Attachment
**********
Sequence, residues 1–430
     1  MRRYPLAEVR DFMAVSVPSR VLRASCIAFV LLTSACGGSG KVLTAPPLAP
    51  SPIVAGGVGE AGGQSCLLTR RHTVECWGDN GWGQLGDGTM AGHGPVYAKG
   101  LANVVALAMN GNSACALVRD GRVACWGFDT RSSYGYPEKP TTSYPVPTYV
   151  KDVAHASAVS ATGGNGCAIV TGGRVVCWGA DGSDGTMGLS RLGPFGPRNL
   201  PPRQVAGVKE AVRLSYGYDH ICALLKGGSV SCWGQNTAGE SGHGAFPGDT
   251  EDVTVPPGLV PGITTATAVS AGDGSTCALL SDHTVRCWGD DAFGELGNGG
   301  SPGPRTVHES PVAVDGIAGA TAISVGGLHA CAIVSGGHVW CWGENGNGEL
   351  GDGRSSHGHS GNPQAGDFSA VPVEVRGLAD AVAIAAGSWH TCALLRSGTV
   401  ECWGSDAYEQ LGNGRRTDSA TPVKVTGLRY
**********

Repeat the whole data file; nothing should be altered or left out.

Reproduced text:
Sequence, residues 1–430
     1  MRRYPLAEVR DFMAVSVPSR VLRASCIAFV LLTSACGGSG KVLTAPPLAP
    51  SPIVAGGVGE AGGQSCLLTR RHTVECWGDN GWGQLGDGTM AGHGPVYAKG
   101  LANVVALAMN GNSACALVRD GRVACWGFDT RSSYGYPEKP TTSYPVPTYV
   151  KDVAHASAVS ATGGNGCAIV TGGRVVCWGA DGSDGTMGLS RLGPFGPRNL
   201  PPRQVAGVKE AVRLSYGYDH ICALLKGGSV SCWGQNTAGE SGHGAFPGDT
   251  EDVTVPPGLV PGITTATAVS AGDGSTCALL SDHTVRCWGD DAFGELGNGG
   301  SPGPRTVHES PVAVDGIAGA TAISVGGLHA CAIVSGGHVW CWGENGNGEL
   351  GDGRSSHGHS GNPQAGDFSA VPVEVRGLAD AVAIAAGSWH TCALLRSGTV
   401  ECWGSDAYEQ LGNGRRTDSA TPVKVTGLRY